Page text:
Exploring Commercial versus Noncommercial Use of both
Creative Commons and Copyrighted Photographs.
The Creative Commons Attribution-NonCommercial-NoDerivs License
(by-nc-nd) prohibits any use "primarily intended for or directed toward commercial advantage or private monetary compensation"
In September 2009, Creative Commons published their report, Defining Noncommercial. The study, which took over a year to conduct, "included in-depth interviews and two waves of in-person and online focus groups and online questionnaires", in an attempt to define how people understand Noncommercial Use of Creative Commons licensed content. Over 80% of participating users and creators agreed that advertisements constituted commercial use. Of course there were caveats for nonprofit and nonprofit news, which is the main purpose of this blog. There are a number of websites blurring the line between commercial and noncommercial use, making it difficult even to apply a
"fair use" argument given the treatment of the images and the surrounding advertisements. The purpose of this post is to offer some real world examples of commercial versus noncommercial image use of photography for discussion and education.
"I'll know it when I see it" - Justice Potter Stewart
The Smurf Supper:
The Smurf Supper on BlueBuddies.com
The Smurf Supper on StupidVideos.com
The Smurf Supper images became popular after they were posted to both
Reddit and (the old) Digg. Since I hold no rights to the Smurfs, the images were not offered with any Creative Commons License, however that didn't stop a number of sites from re-hosting them, with some going as far as to drop their own logos on the images. None asked for permission. According to the counter on the Stupid Videos page, it's been viewed over 16,000 times. With two banner ads per page, that's 32,000 ad serves, with no attribution. How do I know it's a commercial site beyond the ads on the page? The copyright at the bottom reads © 2010 Grind Networks. All rights reserved. GrindTV.com, part of the Yahoo! News Network.
The Smurf Supper also made an appearance on Popped Culture, and later, CelbriFi. These two sites both have advertisements. Popped Culture has a Capitalism Section, with a single ironic Amazon ad (currently, the History of Popcorn), while CelebriFi has pop-ups, banner, sidebar, and footer ads. Situations like this really expand the commercial versus non debate. What if one website is covered in ads but receives little traffic, while another site with a higher readership needs only one? What is "need" and at what point does it become commerce? Plenty of sites (hear, here!) include donation options or look to a single sponsor or ad placement in order to support the site, however how do you determine that the line has been crossed from support to profit?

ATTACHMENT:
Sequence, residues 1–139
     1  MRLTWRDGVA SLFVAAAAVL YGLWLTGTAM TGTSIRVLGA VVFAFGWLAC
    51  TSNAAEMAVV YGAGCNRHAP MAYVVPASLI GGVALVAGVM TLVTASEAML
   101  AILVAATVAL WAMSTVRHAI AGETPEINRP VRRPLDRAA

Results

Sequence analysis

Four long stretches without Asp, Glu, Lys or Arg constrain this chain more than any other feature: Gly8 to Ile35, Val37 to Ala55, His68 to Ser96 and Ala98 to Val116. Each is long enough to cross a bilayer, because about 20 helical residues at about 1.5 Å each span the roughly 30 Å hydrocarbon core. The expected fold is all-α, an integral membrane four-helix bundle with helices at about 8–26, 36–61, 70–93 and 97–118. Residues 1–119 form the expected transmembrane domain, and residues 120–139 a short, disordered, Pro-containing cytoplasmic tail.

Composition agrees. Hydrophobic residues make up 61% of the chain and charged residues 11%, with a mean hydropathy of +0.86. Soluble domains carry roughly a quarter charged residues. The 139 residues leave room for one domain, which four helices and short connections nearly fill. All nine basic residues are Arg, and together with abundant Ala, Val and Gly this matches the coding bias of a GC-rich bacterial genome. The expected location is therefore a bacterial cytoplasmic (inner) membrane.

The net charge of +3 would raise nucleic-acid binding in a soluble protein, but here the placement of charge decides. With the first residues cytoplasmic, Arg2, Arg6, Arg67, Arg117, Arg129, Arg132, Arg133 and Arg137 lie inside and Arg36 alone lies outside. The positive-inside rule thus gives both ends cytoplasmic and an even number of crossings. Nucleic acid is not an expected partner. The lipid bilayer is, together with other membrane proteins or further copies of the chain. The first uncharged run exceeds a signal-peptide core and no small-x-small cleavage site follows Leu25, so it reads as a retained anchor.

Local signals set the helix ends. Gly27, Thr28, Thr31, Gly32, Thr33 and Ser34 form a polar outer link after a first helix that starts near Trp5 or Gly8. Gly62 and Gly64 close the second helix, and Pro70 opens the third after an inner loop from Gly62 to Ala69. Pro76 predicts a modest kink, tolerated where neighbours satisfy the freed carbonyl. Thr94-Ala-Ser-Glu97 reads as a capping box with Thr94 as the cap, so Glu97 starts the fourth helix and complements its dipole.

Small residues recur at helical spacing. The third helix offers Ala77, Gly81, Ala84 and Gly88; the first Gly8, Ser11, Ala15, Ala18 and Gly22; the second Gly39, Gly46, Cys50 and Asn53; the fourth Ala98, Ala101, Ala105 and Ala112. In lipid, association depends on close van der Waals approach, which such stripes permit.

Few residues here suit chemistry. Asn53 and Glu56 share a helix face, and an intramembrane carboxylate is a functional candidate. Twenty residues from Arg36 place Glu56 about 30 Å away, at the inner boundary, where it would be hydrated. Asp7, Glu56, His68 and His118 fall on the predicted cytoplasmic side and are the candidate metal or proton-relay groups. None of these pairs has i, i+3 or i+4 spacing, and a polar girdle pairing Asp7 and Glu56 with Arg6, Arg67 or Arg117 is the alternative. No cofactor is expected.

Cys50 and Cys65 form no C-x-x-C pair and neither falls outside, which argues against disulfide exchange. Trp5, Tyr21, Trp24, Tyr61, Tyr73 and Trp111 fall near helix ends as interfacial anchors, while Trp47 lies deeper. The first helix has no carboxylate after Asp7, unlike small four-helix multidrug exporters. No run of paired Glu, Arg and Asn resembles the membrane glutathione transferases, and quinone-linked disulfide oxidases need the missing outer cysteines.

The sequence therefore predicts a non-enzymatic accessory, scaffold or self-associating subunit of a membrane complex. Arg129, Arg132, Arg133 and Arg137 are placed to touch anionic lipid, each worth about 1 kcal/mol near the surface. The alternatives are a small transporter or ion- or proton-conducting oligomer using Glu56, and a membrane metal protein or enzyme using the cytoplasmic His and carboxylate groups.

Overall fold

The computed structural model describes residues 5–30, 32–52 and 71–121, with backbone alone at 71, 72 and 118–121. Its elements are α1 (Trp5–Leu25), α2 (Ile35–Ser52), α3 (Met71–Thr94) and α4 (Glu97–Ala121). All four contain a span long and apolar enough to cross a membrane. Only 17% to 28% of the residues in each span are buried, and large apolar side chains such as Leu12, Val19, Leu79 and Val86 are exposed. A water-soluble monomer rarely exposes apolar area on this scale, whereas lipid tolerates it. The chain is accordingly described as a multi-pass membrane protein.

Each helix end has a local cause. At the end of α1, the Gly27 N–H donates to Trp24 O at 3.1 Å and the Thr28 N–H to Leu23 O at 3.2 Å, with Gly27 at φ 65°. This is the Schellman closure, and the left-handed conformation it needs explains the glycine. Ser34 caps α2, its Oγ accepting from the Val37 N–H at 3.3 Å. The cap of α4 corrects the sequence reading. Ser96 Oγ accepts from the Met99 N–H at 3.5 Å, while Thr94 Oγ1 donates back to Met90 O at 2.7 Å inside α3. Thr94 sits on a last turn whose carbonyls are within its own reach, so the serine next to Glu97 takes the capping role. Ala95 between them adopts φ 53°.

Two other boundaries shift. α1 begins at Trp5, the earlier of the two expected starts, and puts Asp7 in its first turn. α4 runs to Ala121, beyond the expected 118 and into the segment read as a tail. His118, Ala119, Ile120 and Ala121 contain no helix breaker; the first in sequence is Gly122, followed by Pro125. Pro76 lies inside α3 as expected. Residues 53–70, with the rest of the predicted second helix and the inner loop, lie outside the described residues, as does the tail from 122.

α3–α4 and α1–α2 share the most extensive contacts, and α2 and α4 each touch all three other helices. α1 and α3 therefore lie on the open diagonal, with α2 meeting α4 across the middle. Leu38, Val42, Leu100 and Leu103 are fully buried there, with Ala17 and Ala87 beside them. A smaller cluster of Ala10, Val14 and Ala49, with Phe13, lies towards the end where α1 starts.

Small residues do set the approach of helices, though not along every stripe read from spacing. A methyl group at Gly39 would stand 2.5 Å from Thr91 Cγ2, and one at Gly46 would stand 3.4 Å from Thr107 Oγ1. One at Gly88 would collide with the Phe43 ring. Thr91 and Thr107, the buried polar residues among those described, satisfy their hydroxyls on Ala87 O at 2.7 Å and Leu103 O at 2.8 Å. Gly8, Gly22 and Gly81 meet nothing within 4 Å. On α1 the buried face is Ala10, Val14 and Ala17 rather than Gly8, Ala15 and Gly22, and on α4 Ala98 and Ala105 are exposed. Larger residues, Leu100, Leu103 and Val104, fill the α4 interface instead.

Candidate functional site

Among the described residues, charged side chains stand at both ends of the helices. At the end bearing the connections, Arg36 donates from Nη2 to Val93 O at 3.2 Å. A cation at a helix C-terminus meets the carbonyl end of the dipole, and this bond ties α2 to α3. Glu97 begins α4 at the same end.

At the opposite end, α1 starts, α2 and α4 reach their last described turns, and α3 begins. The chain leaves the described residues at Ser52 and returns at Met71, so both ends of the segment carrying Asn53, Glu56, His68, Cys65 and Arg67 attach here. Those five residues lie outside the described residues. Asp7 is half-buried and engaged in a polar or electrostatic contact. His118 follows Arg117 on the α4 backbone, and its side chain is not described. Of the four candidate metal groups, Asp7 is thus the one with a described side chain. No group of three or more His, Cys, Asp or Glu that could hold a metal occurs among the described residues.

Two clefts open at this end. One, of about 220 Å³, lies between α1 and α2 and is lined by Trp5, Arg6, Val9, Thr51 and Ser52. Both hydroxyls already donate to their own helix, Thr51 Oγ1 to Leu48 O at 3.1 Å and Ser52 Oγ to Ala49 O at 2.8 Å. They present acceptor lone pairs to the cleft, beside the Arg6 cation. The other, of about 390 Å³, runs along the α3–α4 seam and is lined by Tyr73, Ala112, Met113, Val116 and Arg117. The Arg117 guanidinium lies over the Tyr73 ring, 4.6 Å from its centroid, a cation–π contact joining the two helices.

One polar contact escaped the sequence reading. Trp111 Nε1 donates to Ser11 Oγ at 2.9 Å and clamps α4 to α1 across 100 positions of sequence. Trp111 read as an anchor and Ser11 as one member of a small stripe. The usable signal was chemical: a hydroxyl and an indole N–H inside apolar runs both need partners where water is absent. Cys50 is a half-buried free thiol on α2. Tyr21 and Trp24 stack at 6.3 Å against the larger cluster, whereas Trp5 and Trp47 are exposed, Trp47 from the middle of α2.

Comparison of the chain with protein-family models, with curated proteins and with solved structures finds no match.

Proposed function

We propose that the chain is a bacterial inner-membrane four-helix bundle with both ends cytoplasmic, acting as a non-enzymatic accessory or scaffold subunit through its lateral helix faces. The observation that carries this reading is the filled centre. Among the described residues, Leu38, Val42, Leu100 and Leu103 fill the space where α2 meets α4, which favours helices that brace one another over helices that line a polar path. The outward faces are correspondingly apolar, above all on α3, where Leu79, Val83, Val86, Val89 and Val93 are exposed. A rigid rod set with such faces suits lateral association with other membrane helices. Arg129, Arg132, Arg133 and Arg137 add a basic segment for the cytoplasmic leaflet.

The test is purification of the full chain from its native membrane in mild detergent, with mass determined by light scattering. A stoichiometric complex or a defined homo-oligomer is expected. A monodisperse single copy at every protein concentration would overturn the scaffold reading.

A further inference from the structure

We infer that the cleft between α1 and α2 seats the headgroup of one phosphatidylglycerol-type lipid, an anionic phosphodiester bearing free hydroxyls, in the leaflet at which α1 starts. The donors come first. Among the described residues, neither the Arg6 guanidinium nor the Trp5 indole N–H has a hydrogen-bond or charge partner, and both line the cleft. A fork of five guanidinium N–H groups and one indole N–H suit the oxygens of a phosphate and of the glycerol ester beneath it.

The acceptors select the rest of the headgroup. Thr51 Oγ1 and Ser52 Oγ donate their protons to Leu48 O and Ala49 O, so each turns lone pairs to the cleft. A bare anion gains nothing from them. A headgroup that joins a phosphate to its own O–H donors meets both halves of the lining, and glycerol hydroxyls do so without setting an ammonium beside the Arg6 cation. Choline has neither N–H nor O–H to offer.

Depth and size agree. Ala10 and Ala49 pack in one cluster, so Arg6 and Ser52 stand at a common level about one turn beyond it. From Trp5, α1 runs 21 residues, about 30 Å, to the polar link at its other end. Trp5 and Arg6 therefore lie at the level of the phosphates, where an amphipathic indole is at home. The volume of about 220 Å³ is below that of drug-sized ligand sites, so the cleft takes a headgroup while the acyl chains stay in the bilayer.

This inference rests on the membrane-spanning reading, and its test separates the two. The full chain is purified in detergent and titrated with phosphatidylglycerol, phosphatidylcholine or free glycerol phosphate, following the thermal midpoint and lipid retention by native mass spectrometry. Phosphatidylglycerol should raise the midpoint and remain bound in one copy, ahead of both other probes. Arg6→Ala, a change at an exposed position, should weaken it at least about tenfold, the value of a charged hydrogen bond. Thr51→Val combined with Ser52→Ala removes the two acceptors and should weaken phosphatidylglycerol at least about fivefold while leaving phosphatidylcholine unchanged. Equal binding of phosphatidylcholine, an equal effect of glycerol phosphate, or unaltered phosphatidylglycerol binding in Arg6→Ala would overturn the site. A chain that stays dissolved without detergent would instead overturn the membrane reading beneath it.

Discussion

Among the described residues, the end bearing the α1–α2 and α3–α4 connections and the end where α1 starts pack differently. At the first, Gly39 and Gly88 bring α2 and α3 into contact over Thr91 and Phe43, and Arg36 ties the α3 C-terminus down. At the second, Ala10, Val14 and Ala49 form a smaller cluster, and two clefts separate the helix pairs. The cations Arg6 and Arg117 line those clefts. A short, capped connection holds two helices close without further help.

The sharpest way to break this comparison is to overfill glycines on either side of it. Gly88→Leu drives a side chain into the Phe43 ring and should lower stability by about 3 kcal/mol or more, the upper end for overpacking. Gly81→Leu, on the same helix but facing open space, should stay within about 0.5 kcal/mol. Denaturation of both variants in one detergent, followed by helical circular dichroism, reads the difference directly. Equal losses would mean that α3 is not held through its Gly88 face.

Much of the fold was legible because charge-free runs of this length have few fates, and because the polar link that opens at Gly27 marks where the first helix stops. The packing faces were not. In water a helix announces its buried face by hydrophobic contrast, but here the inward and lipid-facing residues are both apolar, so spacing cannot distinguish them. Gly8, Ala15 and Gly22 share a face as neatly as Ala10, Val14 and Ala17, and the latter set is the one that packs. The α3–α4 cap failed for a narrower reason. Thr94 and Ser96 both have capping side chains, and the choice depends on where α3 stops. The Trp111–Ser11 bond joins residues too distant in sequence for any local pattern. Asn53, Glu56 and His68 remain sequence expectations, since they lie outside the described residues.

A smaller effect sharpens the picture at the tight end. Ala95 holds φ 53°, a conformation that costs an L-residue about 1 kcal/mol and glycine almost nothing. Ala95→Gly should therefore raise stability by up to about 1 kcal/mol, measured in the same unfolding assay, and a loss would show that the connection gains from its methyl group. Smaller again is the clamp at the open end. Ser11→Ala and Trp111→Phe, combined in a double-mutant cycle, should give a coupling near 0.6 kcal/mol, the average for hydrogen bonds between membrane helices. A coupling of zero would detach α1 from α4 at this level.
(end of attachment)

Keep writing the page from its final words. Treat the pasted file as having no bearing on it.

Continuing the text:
Adserving Link Farms
There are websites out there whose sole purpose is generate click-through revenue by wrapping ads around free images and free articles. They also drop cookies ten or more at a time! There are many examples. With all the free content floating around out there, it's pretty easy to create a seemingly deep website without ever speaking to another human being. Furthermore, I'm convinced that some of these sites are simply written by robots. They can disappear pretty quick, too, especially when Google sniffs out AdSense violations. Instead of sending them anymore traffic, I decided to make a Flickr Gallery.
Here are a few examples. Click on the image to see the photograph in it's original context on Flickr. The links go to screen grabs of the websites. Some of these sites are no longer online as of this writing.
Delaware DUI News Features a photograph from Police and Fire in Arizona investigating a suspicious white powder. Google ads, credit scores, background checks, and a free DUI evaluation from a local lawyer.
Environment Conversation Be sure to view this one full size and try to read it. The site doesn't seem to be up anymore. Google "navigation" ads, Google text ads, and Google picture ad box.
Globe Magazine This is a German blog, but a google translation provided complete gibberish, so I'm not even sure a person wrote it. Doesn't matter anyway. Google navigation banner, Google text and sidebar ads.
Best Environment Books Google ads and partner links to an e-commerce bookstore.
Sites that had No Ads at First, and then Suddenly Did:
A few websites were included in the first launch of the blog but were later found to be covered in ads. You can read more of these individual case studies on the original posts:
This site went over the top with both pornographic ads and content.
This site was bikinis one day, nude the next, and covered with ads shortly thereafter.
The results of my non-scientific study seem pretty clear: Big media, lawyers, and entertainment websites don't give a damn about your license, Creative Commmons or otherwise. Non profits, charities, and personal blogs seem to have no problem playing by the rules. No surprise either which sites conform to Flickr's terms with respect to linking back to the original source image. Once again, the non profits largely obeyed the link back policy, and the commercial sites usually hosted the images themselves.
"Do as I say, not as I do..."
Coming Soon: Exploring Popular Aggregators.